Like many Cape Bretoners, I cringe when fellow islanders, egged on by CBRM's outgoing mayor, blame all our problems on Halifax. It's unbecoming, it's untrue, and it's a lazy excuse for avoiding the hard work of re-imagining Cape Breton's economy. Just for the moment, however, I'm more annoyed by the volley of stones hurled these last 24 hours from the glass mansions of our capital city at the Dexter Government's on-again, off-again, on-again rescue of the paper mill in Point Tupper, Richmond County. There's no question Dexter made a huge gamble on this bailout.* It's natural for taxpayers to be nervous. No...

TV producer John Wesley Chisholm,  whose Arcadia Entertainment production company is located on Halifax's Quinnpool Road, wonders why the street never quite achieves its potential as a great urban neighborhood. In some ways it’s a classic mainstreet. But it’s schizophrenic. It’s a highway with a hundred hidden driveways. It’s a shopping district and residential street. It’s six lanes wide in places, narrow in others. It’s a pedestrian arcade yet almost impossible to cross conveniently. It’s highspeed traffic and slow drag. It’s a parking lot and a thoroughfare. One thing is certain, it’s tired. The faces of the buildings are tired. The wires,...

It's easy to overlook the loss we've suffered as traditional news outlets contract in Nova Scotia and elsewhere. This message from a former Halifax journalist, unpublished for four years, shows he has lost neither the itch nor the knack: My wife, a friend and I went to the Old Mill tavern Thursday night to have a beer and laugh at a Dartmouth dive on the eve of its destruction. What we discovered, instead, was a fascinating story of history, community, and class. The huge wooden beams running across the pub’s ceiling – six of them, at least 16 inches on the side,...

Richard Stevenson, one of the province’s top water and sewer engineers, spends a lot of time thinking about how the province can cope with its crumbling municipal infrastructure. He has come to the conclusion HRM’s stringent regulations governing development actually work against the stated goals of the city’s planning department. HRM espouses a policy of increasing the density of the urban core, but its own planning regulations result in lower population densities. R-1 single family zoning limits population density to 20 persons per acre, or 45 persons per hectare (to protect us against barrio-like overcrowding, I presume). The city also requires that we...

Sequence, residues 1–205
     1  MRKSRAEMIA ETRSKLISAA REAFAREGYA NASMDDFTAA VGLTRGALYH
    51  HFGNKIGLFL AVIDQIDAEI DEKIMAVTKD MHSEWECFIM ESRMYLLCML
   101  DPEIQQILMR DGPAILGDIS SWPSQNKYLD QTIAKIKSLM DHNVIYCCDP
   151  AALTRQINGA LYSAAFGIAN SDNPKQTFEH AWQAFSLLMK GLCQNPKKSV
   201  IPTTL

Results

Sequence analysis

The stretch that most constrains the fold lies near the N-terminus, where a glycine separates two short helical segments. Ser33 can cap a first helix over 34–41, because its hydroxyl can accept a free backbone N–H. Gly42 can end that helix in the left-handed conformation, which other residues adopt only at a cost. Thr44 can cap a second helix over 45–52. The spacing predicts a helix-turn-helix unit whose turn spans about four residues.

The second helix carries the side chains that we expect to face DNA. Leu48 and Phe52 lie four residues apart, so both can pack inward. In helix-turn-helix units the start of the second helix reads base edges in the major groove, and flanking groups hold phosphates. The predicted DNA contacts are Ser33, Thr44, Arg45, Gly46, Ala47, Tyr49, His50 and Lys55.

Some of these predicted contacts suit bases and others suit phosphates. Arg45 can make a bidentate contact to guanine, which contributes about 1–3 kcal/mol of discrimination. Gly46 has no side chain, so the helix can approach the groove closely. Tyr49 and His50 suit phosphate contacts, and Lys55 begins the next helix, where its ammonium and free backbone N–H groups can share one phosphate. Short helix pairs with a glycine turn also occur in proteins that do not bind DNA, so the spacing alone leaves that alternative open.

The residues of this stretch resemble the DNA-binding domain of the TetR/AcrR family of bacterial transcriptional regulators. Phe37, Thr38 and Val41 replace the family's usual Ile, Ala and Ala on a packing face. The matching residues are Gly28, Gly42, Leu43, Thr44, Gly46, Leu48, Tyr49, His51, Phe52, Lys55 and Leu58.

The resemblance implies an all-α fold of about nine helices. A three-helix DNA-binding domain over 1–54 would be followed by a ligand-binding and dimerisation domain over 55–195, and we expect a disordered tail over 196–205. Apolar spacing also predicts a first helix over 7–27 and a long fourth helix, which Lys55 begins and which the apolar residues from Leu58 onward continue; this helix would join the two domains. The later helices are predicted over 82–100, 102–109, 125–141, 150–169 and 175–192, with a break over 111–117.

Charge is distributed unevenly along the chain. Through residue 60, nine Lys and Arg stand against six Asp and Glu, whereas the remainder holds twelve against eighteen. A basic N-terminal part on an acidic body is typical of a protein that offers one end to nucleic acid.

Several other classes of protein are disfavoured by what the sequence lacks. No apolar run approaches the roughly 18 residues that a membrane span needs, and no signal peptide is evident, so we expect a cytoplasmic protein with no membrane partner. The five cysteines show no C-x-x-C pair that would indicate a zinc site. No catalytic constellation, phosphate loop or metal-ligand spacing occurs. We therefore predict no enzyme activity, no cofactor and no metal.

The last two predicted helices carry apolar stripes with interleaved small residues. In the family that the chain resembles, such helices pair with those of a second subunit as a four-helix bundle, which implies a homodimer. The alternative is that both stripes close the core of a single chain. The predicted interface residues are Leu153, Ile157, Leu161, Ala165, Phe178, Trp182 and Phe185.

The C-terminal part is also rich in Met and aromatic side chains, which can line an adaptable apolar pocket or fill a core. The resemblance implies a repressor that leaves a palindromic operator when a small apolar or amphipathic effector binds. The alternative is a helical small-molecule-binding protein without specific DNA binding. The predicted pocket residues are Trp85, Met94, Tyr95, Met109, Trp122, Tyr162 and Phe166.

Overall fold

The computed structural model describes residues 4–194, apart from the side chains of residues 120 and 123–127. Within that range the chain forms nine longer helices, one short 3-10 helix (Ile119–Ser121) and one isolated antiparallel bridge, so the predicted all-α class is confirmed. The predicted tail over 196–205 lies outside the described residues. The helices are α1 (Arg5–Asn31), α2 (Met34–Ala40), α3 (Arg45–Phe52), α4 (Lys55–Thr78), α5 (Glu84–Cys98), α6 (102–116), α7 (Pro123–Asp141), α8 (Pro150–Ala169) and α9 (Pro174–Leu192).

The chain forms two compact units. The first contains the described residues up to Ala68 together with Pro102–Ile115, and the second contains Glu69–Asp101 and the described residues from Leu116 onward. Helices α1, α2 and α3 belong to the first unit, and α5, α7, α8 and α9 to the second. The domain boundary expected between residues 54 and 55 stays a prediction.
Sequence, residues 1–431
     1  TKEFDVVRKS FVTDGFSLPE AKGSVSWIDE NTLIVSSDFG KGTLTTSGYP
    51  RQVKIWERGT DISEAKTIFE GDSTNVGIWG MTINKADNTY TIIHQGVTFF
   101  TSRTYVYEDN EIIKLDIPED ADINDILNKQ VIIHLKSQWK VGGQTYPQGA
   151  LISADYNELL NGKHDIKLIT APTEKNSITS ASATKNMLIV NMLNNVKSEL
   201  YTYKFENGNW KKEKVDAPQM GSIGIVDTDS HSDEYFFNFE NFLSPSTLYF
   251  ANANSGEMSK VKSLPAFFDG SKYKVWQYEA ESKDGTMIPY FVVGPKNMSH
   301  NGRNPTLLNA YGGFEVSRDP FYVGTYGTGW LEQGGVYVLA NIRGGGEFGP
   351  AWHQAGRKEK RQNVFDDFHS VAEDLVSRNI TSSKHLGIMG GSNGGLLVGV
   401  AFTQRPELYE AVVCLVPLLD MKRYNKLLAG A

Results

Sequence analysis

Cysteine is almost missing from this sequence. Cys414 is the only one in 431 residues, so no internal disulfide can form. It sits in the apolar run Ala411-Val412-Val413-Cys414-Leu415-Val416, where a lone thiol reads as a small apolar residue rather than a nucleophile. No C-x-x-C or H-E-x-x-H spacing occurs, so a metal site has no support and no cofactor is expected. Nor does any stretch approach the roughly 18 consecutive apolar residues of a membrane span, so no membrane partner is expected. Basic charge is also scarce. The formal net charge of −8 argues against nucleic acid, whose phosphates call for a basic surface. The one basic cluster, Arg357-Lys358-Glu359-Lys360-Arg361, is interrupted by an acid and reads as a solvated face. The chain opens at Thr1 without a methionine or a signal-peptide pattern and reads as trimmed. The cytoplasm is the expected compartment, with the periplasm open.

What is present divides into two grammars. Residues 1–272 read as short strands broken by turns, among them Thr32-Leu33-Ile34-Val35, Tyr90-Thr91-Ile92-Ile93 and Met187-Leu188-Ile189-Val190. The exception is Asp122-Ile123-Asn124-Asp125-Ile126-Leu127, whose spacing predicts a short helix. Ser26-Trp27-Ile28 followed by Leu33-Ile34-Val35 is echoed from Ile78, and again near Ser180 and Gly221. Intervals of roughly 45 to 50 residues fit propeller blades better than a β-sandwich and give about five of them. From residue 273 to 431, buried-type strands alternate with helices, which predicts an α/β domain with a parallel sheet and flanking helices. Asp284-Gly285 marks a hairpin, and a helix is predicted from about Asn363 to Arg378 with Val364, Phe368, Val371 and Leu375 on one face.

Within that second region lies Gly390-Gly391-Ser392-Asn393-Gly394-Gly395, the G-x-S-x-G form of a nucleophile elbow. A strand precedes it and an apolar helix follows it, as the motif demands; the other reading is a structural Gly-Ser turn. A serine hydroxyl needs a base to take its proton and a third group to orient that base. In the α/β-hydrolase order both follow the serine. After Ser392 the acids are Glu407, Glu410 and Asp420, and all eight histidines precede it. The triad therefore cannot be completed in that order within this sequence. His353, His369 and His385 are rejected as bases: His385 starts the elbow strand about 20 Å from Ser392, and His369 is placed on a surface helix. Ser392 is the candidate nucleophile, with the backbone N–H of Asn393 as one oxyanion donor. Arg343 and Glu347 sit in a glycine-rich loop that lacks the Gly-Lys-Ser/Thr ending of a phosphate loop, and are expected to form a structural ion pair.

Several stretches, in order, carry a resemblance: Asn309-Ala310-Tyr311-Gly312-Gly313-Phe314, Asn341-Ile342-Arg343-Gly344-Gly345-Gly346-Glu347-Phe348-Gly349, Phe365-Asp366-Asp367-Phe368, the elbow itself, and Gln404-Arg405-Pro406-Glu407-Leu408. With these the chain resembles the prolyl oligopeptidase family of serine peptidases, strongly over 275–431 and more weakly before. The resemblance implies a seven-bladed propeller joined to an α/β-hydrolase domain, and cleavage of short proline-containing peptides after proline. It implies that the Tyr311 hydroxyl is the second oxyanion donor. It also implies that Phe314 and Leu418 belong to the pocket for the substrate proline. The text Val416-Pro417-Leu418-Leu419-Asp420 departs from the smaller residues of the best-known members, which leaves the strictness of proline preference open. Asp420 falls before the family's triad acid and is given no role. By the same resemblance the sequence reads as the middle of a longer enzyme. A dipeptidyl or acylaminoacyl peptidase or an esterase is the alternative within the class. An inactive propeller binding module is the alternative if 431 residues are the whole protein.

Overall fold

A Contrarian reader asks: Does it not seem to you that there is a major conflict of interest in the Savage-for-Mayor camp? [AllNovaScotia.com, the online news service]  lists Don Mills as one of Savage's top supporters. Since  Mills operates Corporate Research Associates, the major polling firm in the province — one that just recently reported Savage with a big lead — why would one trust anything CRA has to say on the race? A fair question, and we put it to Mills, who replied: Corporate Research Associates has been since its inception a non-partisan polling company. It is one of the reasons our...

On his Green Interview website, Silver Donald Cameron imagines how an innovative, creative mayor might have responded to OccupyNS: He starts by quoting the late Allan O'Brien, mayor of Halifax from 1966 to 1971. The Mayor has very little actual power – but he has the power to bring people together, to encourage action on matters that he considers important. He has the power to influence the public agenda. He has access to the press. And if you use those powers strategically, you can accomplish quite a bit.” Cameron muses: Imagine if Peter Kelly had that kind of awareness, that sense of direction, when...

Lots of reader mail on HRM's use of force to evict Occupy Nova Scotia protesters camped out on the grassy strip known as Victoria Park.  To start with, Juanita Mckenzie (writing on Facebook): I think it was very distasteful to do this on Remembrance Day...

Responding to my response to his earlier response to Lindsay Brown’s letter to HRM Councilor Jerry Blumenthal decrying council’s decision to spend $50,000 repeating decades of studies that have confirmed the safety of biosolid use in agriculture, Cliff White writes: Halifax Harbour is certainly cleaner then it was. Well, as long as it hasn't rained in three days, and thank god we get so little precipitation here abouts. And it would be churlish of me to mention that the sewage plants don't meet the new federal regulations for what can be released into the ocean, so I won't. Let me just point...

Contrarian has previously voiced astonishment that environmentalists — more accurately crackpots posing as environmentalists — would oppose a recycling project that transforms harmful municipal waste into a valuable organic fertilizer here and here. We're also chagrinned the Halifax media's gullibility and lack of interest in actual scientific information about the topic. Now, a North End resident has voiced similar incredulity in a letter to District 11 councillor Jerry Blumenthal: Dear Mr. Blumenthal, For a long time, I couldn't understand why Haligonians keep comparing their city to tiny Moncton, but now I'm beginning to get it. And I'm not referring to Moncton's apparently...